Framework Convention on Tobacco Control (FCTC)
India ratified the Convention on 5 February 2004 and the Convention itself came into force on 27 February 2005. The Convention seeks to protect present and future generations from devastating health, social, environmental and economic consequences of tobacco consumption and exposure to tobacco smoke by providing a framework for tobacco control measures.
Section 5 (3) of the Act states: ‘No person shall, under a contract or otherwise, promote or agree to promote the use or consumption of— (a) Cigarettes or any other tobacco product; or (b) Any trademark or brand name of cigarettes or any other tobacco product in exchange for a sponsorship, gift, prize or scholarship given or agreed to be given by another person.’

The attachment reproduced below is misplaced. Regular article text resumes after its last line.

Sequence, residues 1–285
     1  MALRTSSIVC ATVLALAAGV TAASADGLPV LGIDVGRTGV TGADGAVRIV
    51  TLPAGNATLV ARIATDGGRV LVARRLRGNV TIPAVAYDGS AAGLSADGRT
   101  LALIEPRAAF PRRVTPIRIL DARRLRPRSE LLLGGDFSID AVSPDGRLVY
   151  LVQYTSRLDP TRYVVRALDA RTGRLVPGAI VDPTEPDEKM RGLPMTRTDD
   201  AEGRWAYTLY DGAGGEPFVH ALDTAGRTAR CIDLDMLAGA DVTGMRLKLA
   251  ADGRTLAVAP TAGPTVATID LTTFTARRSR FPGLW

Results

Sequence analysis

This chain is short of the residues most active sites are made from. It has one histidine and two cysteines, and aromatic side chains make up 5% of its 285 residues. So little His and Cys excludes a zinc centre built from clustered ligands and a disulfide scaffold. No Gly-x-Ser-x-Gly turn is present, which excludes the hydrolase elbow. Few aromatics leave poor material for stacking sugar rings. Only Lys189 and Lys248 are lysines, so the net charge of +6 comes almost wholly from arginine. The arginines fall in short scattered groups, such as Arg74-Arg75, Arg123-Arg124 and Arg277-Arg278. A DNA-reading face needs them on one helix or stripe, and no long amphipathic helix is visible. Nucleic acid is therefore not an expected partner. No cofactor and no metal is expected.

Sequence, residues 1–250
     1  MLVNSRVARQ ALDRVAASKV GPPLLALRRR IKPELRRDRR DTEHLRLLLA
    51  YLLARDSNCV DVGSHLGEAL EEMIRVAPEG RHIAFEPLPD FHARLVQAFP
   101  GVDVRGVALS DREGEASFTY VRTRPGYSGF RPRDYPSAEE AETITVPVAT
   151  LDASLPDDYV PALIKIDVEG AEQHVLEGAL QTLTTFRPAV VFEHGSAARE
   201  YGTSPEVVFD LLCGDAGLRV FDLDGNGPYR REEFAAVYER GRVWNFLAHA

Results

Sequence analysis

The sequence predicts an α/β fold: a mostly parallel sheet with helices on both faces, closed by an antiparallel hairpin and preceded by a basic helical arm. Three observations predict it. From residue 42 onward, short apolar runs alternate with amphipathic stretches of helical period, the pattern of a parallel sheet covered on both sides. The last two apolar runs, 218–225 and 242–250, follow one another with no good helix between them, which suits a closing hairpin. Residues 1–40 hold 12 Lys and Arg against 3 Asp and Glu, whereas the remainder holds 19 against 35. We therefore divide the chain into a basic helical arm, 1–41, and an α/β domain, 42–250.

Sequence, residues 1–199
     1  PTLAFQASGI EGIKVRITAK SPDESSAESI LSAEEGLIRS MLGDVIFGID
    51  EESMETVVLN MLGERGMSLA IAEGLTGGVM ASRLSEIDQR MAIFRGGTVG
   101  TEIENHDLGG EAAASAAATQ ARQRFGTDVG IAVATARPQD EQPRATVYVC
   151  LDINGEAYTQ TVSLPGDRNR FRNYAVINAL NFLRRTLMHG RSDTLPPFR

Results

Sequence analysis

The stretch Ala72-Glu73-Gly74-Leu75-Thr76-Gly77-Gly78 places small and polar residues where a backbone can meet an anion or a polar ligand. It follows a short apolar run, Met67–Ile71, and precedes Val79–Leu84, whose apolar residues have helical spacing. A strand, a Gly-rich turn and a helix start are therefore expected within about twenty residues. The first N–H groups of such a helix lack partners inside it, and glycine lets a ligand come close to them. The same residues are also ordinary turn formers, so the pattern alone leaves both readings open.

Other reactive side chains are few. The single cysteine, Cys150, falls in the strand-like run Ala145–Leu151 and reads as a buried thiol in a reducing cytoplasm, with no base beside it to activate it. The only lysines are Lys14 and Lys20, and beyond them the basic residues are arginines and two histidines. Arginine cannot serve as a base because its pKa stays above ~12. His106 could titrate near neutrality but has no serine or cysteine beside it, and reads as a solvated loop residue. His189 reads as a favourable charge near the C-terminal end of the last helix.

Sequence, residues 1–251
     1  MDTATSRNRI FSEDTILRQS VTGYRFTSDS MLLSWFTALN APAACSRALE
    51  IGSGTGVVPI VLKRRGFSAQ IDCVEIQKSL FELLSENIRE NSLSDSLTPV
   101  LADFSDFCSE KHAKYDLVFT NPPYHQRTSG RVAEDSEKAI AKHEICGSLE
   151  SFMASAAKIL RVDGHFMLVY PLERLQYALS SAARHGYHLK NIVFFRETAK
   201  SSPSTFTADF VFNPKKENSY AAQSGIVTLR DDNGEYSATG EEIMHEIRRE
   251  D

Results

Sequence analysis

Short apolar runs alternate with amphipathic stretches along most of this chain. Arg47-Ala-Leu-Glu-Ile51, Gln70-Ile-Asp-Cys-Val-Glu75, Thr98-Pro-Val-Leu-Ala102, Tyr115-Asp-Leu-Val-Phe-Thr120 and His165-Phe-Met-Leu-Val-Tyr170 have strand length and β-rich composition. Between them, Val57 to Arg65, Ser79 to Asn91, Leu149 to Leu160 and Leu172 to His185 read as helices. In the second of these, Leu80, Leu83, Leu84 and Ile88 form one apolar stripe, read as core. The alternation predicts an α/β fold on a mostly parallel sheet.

This section restricts advertisement or promotion of tobacco products for direct/indirect pecuniary benefit. It does not take within its ambit the scope of promoting tobacco through brand extension and sponsorships.
In 2005, the ministry of health and family welfare made certain amendments to the above Act, stating that the word ‘indirect advertisement’ mentioned in Section 5 (1) would mean: